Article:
Maryland grants residents access to two of the largest metropolitans in the nation, and, on average, it is the wealthiest of all 50 states and the District of Columbia. In short, if offers ample opportunity for young families to settle down and raise their kids.
With that in mind, we asked the following questions as we analyzed cities across the state to identify the best for young families:
- Does the city have good public schools? We measured schools’ academic performance with ratings from GreatSchools. This non-profit compares a given school’s standardized test scores to the state average to obtain a rating on a 1 to 10 scale (10 representing the highest score). Higher ratings led to a higher overall score.
- Can you afford to live there? We looked at both median home values in each city and ongoing monthly home costs, including mortgage payments, real estate taxes, insurance costs, utilities, fuel and other bills. Lower costs led to a higher overall score.
- Is the city growing and prospering? We assessed a city’s economy by looking at median household income and income growth over the last decade. Higher income and greater growth led to a higher overall score.
The Best Cities for Young Families
Eldersburg is a short commute from two metropolises – D.C. and Baltimore – but it maintains the atmosphere of a small town. On its eastern border is the Liberty Reservoir, where residents can kayak and fish.
Odenton is the fastest-growing community in all of Anne Arundel County. In the last decade, Odenton saw its population grow by 42%. Income has kept up at the same pace – it posted a 42% jump in that same period.
3. Ellicott City
Ellicott City is no stranger to praise. It has been recognized by CNNMoney for its solid economy, including a low unemployment rate and dependable jobs with the NSA and Fort Meade Army base.
Towson’s schools are routinely recognized as the nation’s best. Towson High was ranked number 334 on Newsweek’s best high schools of 2010. The school features unique and rigorous curricula, like the Law and Public Policy program, which takes an interdisciplinary approach to teaching college-bound students communication, writing and presentation skills.
5. Severna Park
Severna Park is a moderately sized waterfront community bounded by two rivers, the Severn and Magothy. This prime location gives residents the opportunity to sail, fish and crab within driving or walking distance. Educational opportunities are great in Severna Park as well; the schools earned a near-perfect rating from GreatSchools because of students’ high achievement on standardized tests.
Catonsville sits on the western border of Baltimore, making an easy commute for adults in the community. Catonsville itself is home to a historic downtown district, with Victorian homes and a traditional main street, as well as great schools. Catonsville Middle is a Maryland Blue Ribbon School of Excellence because of its outstanding students and teachers.
Annapolis offers easy access to D.C. and Baltimore as well as the Chesapeake Bay. Within the city’s confines, there is ample opportunity as well. Top employers include Verizon and the city government. The city is also home to the U.S. Naval Academy and an excellent liberal arts college, St. John’s.
Frederick is the second-largest city in Maryland, and it is home to a bustling arts community. In addition to the architecture in the Historic District and the public installations are a number of art centers and private galleries around the city.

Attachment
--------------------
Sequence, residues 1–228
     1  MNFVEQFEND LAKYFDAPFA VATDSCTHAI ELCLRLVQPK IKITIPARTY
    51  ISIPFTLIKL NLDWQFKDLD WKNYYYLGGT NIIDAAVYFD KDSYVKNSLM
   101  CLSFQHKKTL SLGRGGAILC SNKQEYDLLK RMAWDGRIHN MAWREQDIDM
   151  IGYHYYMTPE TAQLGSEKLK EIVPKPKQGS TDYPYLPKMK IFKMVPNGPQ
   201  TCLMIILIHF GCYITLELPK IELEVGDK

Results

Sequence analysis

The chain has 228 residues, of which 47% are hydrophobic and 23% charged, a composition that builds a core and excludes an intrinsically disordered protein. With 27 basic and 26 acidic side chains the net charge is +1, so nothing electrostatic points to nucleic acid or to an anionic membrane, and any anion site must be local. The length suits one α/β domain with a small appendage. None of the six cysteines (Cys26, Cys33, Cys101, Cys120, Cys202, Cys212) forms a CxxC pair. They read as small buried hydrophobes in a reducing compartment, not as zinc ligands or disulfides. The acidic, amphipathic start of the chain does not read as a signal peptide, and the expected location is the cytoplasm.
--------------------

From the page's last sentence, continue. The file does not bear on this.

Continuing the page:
Olney is often recognized as a great place to live and work. It made the top 20 of CNNMoney’s Best Places to Live and was ranked the 22nd top-earning place. The county school district has been successful, too, maintaining a 90% graduation rate with a total enrollment of 148,779 students.
Rockville is home to some of the best schools in the nation. Wootton High, for example, has earned a Blue Ribbon twice, and it consistently ranks in the Washington Post’s Top 100 High Schools in the U.S.
|Rank||City||Nearest big city||GreatSchools rating||Median home value||Monthly owner costs||Median household income||Growth,’99-’11||Overall score for young families|
|1||Eldersburg||Baltimore, Washington, D.C.||9||$382,700||$2,290||$101,663||43.5%||70.7|
|2||Odenton||Baltimore, Washington, D.C.||8||$338,800||$2,170||$93,173||42.1%||66.9|
|3||Ellicott City||Baltimore, Washington, D.C.||9||$523,500||$2,750||$113,312||43.4%||66.8|
|5||Severna Park||Baltimore, Washington, D.C.||9||$491,600||$2,593||$117,302||34.1%||62.5|
|6||Catonsville||Baltimore, Washington, D.C.||8||$318,900||$1,914||$71,391||34.5%||62.2|
|7||Annapolis||Baltimore, Washington, D.C.||7||$408,000||$2,106||$70,908||44.0%||62.0|
|8||Frederick||Baltimore, Washington, D.C.||7||$280,900||$1,957||$66,161||38.7%||61.2|
|9||Olney||Baltimore, Washington, D.C.||8||$524,500||$2,653||$126,439||33.3%||58.1|
|10||Rockville||Baltimore, Washington, D.C.||8||$489,300||$2,624||$92,288||35.6%||58.0|
The overall score for each city was derived from the following measures:
- GreatSchools city rating. GreatSchools city ratings are calculated by averaging the weighted overall rating for each school in the city (weighted by the number of students enrolled at the school)
- Median home value from the U.S. Census (2011 ACS, data set DP04, half-weighted)
- Monthly homeowner costs from the U.S. Census (2011 ACS, data set DP04, half-weighted)
- Median household income from the U.S. Census (2011 ACS, data set DP03, half-weighted)
- Income change between 1999 and 2011 from the U.S. Census (data sets P053 and DP03, half-weighted)
123 Maryland cities and areas designated as places by the U.S. Census were included in this analysis. Only places with a population greater than 10,000 were considered.